- (PDF) September 2012 Global Catastrophe Recap (Report). Aon Benfield. p. 2. http://thoughtleadership.aonbenfield.com/Documents/20121004_if_global_cat_recap_september.pdf. Retrieved February 21, 2013.
- Stacy R. Stewart (January 27, 2013). "Tropical Cyclone Report: Hurricane Leslie" (PDF). National Oceanic and Atmospheric Administration (National Hurricane Center). http://www.nhc.noaa.gov/data/tcr/AL122012_Leslie.pdf. Retrieved February 21, 2013.
- Lixion A. Avila (August 28, 2012). "Tropical Weather Outlook" (TXT). National Hurricane Center (National Oceanic and Atmospheric Administration). http://www.nhc.noaa.gov/archive/text/TWOAT/2012/TWOAT.201208281810.txt. Retrieved September 6, 2012.
- Daniel P. Brown (August 29, 2012). "Tropical Weather Outlook" (TXT). National Hurricane Center (National Oceanic and Atmospheric Administration). http://www.nhc.noaa.gov/archive/text/TWOAT/2012/TWOAT.201208292329.txt. Retrieved September 6, 2012.
- Eric S. Blake (August 30, 2012). "Tropical Depression Twelve Discussion Number One". National Hurricane Center (National Oceanic and Atmospheric Administration). http://www.nhc.noaa.gov/archive/2012/al12/al122012.discus.001.shtml. Retrieved September 6, 2012.
- Robbie R. Berg (August 31, 2012). "Tropical Storm Leslie Discussion Number Four". National Hurricane Center (National Oceanic and Atmospheric Administration). http://www.nhc.noaa.gov/archive/2012/al12/al122012.discus.004.shtml. Retrieved September 6, 2012.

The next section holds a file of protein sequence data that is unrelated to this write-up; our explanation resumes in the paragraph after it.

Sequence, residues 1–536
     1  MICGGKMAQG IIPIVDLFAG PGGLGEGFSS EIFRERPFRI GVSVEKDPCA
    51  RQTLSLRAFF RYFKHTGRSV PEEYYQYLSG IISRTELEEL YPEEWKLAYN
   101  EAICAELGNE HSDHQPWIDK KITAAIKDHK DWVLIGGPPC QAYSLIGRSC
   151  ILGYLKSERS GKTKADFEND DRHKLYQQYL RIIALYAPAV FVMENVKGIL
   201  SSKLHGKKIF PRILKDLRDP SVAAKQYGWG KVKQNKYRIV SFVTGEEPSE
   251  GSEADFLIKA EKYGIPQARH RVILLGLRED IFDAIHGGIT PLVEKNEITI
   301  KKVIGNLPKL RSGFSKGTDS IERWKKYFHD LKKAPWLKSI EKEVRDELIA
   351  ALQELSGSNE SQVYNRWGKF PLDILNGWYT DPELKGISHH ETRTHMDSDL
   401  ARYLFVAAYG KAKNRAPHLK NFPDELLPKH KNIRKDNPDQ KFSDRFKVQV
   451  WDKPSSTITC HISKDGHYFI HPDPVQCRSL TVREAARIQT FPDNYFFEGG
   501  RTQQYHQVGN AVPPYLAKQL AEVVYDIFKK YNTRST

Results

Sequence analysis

- Eric S. Blake (August 31, 2012). "Tropical Storm Leslie Discussion Number Five". National Hurricane Center (National Oceanic and Atmospheric Administration). http://www.nhc.noaa.gov/archive/2012/al12/al122012.discus.005.shtml. Retrieved September 6, 2012.
- Robbie R. Berg (September 1, 2012). "Tropical Storm Leslie Discussion Number Eight". National Hurricane Center (National Oceanic and Atmospheric Administration). http://www.nhc.noaa.gov/archive/2012/al12/al122012.discus.008.shtml. Retrieved September 6, 2012.
- Eric S. Blake (September 1, 2012). "Tropical Storm Leslie Discussion Number Nine". National Hurricane Center (National Oceanic and Atmospheric Administration). http://www.nhc.noaa.gov/archive/2012/al12/al122012.discus.009.shtml. Retrieved September 6, 2012.